Do LUGs still matter?

Do LUGs still matter? - Commentary -- There is no question that LUGs -- Linux User Groups -- have been important to the rapid growth and adoption of Linux. In the early years, a typical LUG brought together early adopters from every walk of life who had a missionary zeal for Linux. Today, most members are IT professionals. Given that, I wonder, do LUGs matter any longer? [Newsforge]

Merry Christmas from CLUG!

Merry Christmas! -

Hard to believe we're coming up on the end of another year. On behalf of the executive, and all CLUG members, we'd like to wish you a Merry Christmas and Happy New Year!! [Calgary Linux User Group]


Postal codes by federal ridings (2003 representation order) file (PCFRF) tools - I have had a few people ask about it, so I decided to publish the tools I created. If you use this, please let me know and please send any enhancements.
Please also consider lobbying the government to fix the fact that this database is excessively expensive rather than it being free and shareable.
See the CivicSpace posting for details.
Download tools (updated periodically):

Letter to Toronto Star: Little balance in copyright reform

Letter to Toronto Star: Little balance in copyright reform - Chris Smith of Toronto send a letter to the Toronto Star:
In her letter, Sarmite Bulte (MP, Parkdale-High Park) is being disingenuous in her description of the Liberal government's copyright reform actions in Bill C-60. That bill, when seen in the recent light of Sony BMG's approach to protecting music copyrights, left average Canadians potentially open to copyright infringement liability if they tried to restore the security of their home computers.

Open source everywhere for Canadian brokerage

Open source everywhere for Canadian brokerage - After years of working with Linux and other open source software, Nigel Fortlage still calls himself a newbie -- albeit a "very much dedicated" newbie. Since his company first began using open source software eight years ago, Fortlage and his staff have not even considered going back to proprietary systems, even through upgrades and overhauls of the local area network and IT infrastructure. [Newsforge]

CLUE relaunching

With the impending birth of a new year, CLUE is being relaunched nationally January 1, 2006. Growing from its roots as the Canadian Linux Users Exchange, CLUE has dropped the exclusivity of being a Linux organization to embrace the broader community that is Free/Libre Open Source Software (FLOSS) in Canada. With this relaunch comes some highly anticipated projects, such as the National Open Source Weekend and the Adopt program. Both will be detailed further and launched individually in the coming weeks. The current CLUE membership of 1947 members is expected to grow considerably in the near future and extra effort will be given to providing as much feedback and inclusion to members in the daily administration of CLUE.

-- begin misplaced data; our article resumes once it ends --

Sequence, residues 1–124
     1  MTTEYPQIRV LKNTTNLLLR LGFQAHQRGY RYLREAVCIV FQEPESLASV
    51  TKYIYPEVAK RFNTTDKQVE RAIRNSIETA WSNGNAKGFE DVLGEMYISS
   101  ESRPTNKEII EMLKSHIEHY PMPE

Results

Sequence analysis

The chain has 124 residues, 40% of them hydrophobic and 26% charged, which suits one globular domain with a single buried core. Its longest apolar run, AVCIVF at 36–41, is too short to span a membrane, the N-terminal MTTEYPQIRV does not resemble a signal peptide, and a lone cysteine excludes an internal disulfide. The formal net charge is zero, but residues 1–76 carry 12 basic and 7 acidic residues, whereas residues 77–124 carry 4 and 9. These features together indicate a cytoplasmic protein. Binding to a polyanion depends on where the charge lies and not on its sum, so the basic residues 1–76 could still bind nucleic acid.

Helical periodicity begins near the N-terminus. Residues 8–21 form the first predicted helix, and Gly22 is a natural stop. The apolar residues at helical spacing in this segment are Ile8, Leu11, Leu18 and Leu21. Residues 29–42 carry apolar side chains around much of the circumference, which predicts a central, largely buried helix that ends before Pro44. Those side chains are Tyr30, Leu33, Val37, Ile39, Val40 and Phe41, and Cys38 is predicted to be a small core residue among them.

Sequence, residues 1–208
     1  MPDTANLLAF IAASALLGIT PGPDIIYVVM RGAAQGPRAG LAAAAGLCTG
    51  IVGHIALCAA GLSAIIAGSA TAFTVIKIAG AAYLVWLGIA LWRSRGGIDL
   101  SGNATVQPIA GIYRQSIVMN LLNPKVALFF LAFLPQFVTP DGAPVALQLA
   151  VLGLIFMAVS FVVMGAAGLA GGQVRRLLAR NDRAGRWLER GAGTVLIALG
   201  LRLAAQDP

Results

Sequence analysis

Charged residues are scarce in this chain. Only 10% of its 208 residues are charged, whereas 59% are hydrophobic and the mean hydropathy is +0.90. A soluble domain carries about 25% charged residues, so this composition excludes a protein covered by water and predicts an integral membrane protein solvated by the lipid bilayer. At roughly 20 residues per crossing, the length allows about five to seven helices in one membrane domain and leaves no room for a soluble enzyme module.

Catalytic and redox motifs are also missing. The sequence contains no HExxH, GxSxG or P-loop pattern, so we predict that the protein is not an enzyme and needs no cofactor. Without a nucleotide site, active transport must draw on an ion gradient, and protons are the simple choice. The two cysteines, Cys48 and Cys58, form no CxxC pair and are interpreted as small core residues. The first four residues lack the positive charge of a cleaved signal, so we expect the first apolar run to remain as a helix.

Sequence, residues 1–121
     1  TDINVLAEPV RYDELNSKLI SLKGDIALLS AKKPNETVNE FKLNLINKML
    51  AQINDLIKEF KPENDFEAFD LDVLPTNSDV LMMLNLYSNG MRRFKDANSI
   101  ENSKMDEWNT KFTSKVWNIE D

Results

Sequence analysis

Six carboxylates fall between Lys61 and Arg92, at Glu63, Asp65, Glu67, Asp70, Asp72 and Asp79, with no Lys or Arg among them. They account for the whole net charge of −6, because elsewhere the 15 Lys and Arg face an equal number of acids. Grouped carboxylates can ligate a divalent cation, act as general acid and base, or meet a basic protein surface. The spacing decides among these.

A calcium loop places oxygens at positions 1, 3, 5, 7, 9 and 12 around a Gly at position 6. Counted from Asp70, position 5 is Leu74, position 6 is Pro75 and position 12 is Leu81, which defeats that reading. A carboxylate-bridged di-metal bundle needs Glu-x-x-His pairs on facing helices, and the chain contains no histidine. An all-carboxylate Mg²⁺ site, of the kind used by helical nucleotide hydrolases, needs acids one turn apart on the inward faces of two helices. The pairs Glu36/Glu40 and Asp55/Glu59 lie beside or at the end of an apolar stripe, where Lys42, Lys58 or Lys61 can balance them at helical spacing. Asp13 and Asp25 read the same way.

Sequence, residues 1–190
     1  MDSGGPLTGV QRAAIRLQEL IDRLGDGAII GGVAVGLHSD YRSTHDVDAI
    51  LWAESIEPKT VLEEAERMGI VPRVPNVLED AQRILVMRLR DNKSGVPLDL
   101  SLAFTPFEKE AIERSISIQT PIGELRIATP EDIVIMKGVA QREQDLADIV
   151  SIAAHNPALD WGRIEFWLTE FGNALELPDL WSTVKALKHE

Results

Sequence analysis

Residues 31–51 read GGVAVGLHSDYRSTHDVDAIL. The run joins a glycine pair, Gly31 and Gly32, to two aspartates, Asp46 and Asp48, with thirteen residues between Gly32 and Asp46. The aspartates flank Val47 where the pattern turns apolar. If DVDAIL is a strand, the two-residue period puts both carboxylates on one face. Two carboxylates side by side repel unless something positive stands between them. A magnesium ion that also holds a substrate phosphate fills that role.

Frequently Asked Questions


1. What is CLUE?

CLUE is a Canadian not-for-profit organization that exists to further the appreciation and implementation of free/libre and open source (FLOSS) solutions in Canada.

2. What is FOSS?

FLOSS is defined here on Wikipedia.

3. What's the meaning of the name CLUE?

CLUE originally was an acronym for the Canadian Linux Users Exchange. However, the use of just the word CLUE was adopted in 2004 as the organization expanded to include all FLOSS organizations, such as Python User Groups, Perlmongers, BSD User Groups, etc., etc. The name is a play on the notion of being clueful or "having a clue" with respect to technology and it's use.


The goal of the Canadian Linux Users' Exchange is to increase the use and appreciation in Canada of what is known as the Linux computer operating system and Open Source Software, by enhancing association and communication amongst its developers, users, suppliers, and the general public.

"Corporate Seal"

The seal of the Corporation shall be in such form as shall be prescribed by the provisional directors of the Corporation and shall have the words "Canadian Linux Users' Exchange".


Members of the company shall be the respective applicants for the incorporation of the company until their resignations have been accepted, and such other qualified persons as shall be elected as members from time to time by a majority of the votes cast by the members present or represented by proxy at any duly constituted meeting of the members

Canadian Open Source User Groups

Linux User Groups (LUGs) provide the opportunity for Linux users to come together and arrange local events, including "Install Fests" (assisting new users to install and configure Linux on their computers) and demonstrations of new hardware and software products.
A full list of Canada's more than 120 open source user groups can be searched at